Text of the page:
So, I’m in my “bliss groove” again. Good writing requires lots of down time, so your brain can cogitate on the crap you’ve stuffed in there, cook it up in a fresh batch, and make it all accessible when you sit down to actually write. Reading lots of books on different subjects, including gruesome fiction and light articles on diverse (even dumb) subjects, is also part of a well-lived writer’s lifestyle. Plus engaging in the adventures, pleasures, misadventures and bumbling horrors of modern life.
In fact, without immersing yourself in the culture and the Zeitgeist, you quickly become stiff and boring as a writer.
But I don’t count the cool, fun stuff as “working”. I love the process of being a complete, well-rounded writer with his pulse on the culture. It’s what makes this the best damn gig on the planet (for introverts or wannabe introverts seeking influence, wealth and happiness).
In the 1990s, I both wrote most of the ads for which I’m now infamous (all the screamingly successful golf, self-defense, health, music and small-biz ads that changed the way entire industries approached marketing)…
… while ALSO taking off three-to-six months a year to go do something else. I was following Travis McGee’s advice (from the “you gotta read ’em” novels by John D. MacDonald) of “taking your retirement while you’re young, in pieces, and returning to work when you need to replenish the coffers”. For me, that meant indulging in exciting mid-life crises (I’ve had six so far, and loved every single one) like when I disappeared from the business world for half a year, formed a 3-piece rock band, and played all the biker bars in Northern Nevada. What a blast.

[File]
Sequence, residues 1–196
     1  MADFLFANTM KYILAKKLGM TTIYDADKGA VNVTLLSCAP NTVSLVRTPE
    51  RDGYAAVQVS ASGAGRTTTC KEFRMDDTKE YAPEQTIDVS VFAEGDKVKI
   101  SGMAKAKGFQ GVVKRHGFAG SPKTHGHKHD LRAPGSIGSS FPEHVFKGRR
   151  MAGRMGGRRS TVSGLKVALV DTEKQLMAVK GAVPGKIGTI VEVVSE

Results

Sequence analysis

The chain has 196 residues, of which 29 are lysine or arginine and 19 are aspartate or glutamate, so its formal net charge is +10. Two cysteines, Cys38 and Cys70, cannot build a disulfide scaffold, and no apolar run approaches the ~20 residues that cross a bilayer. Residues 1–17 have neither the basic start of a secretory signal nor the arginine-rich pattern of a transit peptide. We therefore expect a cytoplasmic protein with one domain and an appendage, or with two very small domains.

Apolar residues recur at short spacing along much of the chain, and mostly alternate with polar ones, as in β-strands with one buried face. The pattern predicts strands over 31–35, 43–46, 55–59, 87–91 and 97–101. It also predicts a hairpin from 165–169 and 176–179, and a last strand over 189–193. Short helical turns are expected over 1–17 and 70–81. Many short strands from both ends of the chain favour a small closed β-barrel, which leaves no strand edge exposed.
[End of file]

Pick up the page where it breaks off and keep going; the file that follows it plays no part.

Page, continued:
I also took time off to write some novels, and dip a toe in the world of writing fiction for a living. It was enormous fun, but the pay was dismal. Most of the working novelists I met made less in half a decade than I did for writing a couple of winning ads in a good market (and it only took me a few weeks to write those ads). I decided to keep fiction as a side hobby, and came back to my old clients to write a string of ads that doubled their bottom line.
And then, just after the turn of the century, I decided to get serious for a few years. And write a monthly newsletter (the notorious “Marketing Rebel Rant” that mailed for 6 years to the most influential marketers alive), while maintaining a client list that required me to be available the entire year. No more taking off massive chunks of time. I loved the whole process, which happened to coincide with the explosion of the Web as a viable marketing vehicle…
… and I hung out in a very insider network of movers-and-shakers that included Frank Kern, Jeff Walker, Eben Pagan, Joe Polish, Dean Jackson, Tony Robbins, Jon Benson, Joe Sugarman, Ed Dale, and of course my best friend in the biz, Gary Halbert.